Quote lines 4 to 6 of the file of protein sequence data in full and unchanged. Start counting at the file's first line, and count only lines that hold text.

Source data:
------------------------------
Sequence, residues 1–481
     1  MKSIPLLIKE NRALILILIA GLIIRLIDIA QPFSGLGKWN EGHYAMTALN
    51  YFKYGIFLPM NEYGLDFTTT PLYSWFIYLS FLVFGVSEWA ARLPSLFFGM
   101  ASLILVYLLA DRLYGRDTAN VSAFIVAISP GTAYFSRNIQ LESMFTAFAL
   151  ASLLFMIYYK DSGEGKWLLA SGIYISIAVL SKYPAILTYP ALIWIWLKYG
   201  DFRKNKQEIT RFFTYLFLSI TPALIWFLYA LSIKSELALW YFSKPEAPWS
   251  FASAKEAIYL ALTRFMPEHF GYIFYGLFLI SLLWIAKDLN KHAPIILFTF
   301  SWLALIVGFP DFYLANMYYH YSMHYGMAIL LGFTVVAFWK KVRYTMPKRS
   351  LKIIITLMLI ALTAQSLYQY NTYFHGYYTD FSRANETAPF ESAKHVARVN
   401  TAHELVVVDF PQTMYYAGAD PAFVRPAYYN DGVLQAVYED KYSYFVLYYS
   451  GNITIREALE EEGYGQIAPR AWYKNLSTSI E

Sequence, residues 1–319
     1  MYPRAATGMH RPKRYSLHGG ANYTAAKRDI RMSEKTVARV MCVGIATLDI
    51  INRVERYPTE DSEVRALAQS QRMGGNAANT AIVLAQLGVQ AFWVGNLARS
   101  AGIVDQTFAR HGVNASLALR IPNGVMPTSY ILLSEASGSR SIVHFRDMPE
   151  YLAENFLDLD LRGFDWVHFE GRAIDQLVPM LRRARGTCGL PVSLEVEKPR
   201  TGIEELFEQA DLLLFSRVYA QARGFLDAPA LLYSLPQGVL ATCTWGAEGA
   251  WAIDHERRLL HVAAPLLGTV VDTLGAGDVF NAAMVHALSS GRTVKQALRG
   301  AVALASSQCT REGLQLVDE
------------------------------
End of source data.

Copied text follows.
   101  ASLILVYLLA DRLYGRDTAN VSAFIVAISP GTAYFSRNIQ LESMFTAFAL
   151  ASLLFMIYYK DSGEGKWLLA SGIYISIAVL SKYPAILTYP ALIWIWLKYG
   201  DFRKNKQEIT RFFTYLFLSI TPALIWFLYA LSIKSELALW YFSKPEAPWS